Search sponsored by Coast Marketplace
Home News Local News

Astoria diabetes educator makes a walk in the park

Bell has created an indoor walking path through stylistic elements of the Southwest and tropical islands
By Edward Stratton

The Daily Astorian

Published on November 15, 2017 8:03AM

Last changed on November 15, 2017 8:38AM

Sunnie Bell has been putting together a Southwestern- and tropical-themed indoor walking park inside the former Sunflower Dairy Co. on Duane Street.

Colin Murphey/The Daily Astorian

Sunnie Bell has been putting together a Southwestern- and tropical-themed indoor walking park inside the former Sunflower Dairy Co. on Duane Street.

Buy this photo

For much of her life, Sunnie Bell has taught about diabetes and the importance of walking as exercise.

After moving to Astoria from Las Cruces, New Mexico, several years ago, Bell found it harder to keep up on her walking.

To keep herself and others moving, Bell is creating the Sunflower Dairy Indoor Walking Park on Duane Street, with hopes of opening by month’s end.

“I’ve spent my whole life trying to improve the health of other people,” Bell said.

Bell bought the former Sunflower Dairy Co. building, directly west of the former J.C. Penney store, 2 1/2 years ago as a retirement investment. She became landlord to Paramount Drug Co. on Commercial Street and Shear Expressions Salon on Duane Street, along with a garage storage space used by J.C. Penney until the retailer closed earlier this year. The closure left Bell with 2,600 square feet of empty property.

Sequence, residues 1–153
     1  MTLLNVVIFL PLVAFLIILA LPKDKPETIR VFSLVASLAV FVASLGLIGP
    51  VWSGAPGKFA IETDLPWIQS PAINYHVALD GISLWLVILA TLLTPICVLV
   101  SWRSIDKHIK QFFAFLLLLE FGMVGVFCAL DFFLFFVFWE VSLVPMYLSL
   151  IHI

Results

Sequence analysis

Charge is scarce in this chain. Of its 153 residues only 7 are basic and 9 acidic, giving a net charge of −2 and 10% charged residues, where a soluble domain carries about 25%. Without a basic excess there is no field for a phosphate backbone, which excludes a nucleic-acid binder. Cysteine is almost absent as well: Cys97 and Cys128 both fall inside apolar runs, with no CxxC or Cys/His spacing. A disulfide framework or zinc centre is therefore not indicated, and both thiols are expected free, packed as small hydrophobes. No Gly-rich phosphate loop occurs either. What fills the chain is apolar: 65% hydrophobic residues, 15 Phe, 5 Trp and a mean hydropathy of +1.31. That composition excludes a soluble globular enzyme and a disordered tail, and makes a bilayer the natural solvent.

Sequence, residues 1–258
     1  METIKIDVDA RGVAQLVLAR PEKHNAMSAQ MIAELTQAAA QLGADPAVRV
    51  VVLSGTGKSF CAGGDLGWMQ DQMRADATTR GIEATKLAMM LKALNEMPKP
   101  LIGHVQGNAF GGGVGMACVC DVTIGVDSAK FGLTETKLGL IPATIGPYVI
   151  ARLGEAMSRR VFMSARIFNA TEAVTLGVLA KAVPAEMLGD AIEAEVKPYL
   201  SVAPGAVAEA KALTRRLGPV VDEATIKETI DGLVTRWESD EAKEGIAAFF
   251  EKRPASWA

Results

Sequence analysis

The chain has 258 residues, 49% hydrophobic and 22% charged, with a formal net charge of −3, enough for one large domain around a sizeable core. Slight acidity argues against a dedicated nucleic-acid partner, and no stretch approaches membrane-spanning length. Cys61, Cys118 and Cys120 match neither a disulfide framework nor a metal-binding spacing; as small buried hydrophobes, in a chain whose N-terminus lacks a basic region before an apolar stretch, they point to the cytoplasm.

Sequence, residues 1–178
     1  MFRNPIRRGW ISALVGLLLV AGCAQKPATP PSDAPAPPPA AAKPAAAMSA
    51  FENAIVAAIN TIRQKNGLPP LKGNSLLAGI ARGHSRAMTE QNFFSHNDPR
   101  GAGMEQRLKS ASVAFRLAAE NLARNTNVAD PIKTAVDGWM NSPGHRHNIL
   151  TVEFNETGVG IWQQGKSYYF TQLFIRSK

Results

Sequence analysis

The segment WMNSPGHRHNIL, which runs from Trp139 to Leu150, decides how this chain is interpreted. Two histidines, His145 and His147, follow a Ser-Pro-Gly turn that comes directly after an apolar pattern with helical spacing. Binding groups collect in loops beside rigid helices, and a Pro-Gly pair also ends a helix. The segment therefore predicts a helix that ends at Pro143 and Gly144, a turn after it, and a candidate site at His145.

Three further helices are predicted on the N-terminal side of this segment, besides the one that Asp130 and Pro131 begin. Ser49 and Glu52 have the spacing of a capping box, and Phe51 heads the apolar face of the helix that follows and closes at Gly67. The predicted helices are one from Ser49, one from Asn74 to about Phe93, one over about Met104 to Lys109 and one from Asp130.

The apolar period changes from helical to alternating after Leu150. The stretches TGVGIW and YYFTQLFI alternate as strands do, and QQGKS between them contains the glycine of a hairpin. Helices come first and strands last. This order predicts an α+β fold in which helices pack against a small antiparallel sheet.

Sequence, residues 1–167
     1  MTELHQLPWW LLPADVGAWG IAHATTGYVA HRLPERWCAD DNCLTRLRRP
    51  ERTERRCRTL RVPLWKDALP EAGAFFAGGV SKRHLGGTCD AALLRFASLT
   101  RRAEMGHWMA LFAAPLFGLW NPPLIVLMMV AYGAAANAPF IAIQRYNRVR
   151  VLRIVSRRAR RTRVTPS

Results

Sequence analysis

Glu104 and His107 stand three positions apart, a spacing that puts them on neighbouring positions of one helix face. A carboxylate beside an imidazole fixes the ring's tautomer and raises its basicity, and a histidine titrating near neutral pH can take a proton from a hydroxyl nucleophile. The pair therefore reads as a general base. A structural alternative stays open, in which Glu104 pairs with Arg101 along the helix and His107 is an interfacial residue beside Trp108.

While on a recent trip to Israel, she came up with the idea of the park.

Contractors working in the former storage area are putting the finishing touches on a springy, slightly elevated wooden walking track and hand railings Bell estimates at about one-fourteenth of a mile. The track winds through distinct sections filled with bright painted blue skies and stylistic elements of Arizona, New Mexico, Route 66 and tropical islands.

Bell is having bathrooms built and plans to add heating, seating and areas for her to teach about diabetes prevention. Near the front will be a case selling some milk products, a nod to the building’s past.

Bell started as a nurse in the 1960s and said that by 10 to 15 years into her career, she was noticing how often diabetes was showing up in patient’s charts. She eventually specialized in diabetes education, and was named the National Diabetes Educator of the Year in 1995 by the American Association of Diabetes Educators.

“Everything in the body is affected by diabetes,” she said. “And what leads to diabetes? Weight problems.”

Living in Astoria, Bell found the roads too dangerous when wet and has taken to doing laps around the first floor of her house. She plans to regularly walk in the park regardless of who else shows up, but has been recruiting through flyers, physician referrals and word of mouth.

She recommends walking after meals and said the park will open in spurts between 10 a.m. and 9 p.m., with memberships and daylong access for $5.

“I hope it will be for all ages and all conditions,” Bell said. “I’ve stayed in good condition because of walking, and I know that. I’m now in my eighth decade, and I’m feeling pretty fine.”


Share and Discuss


User Comments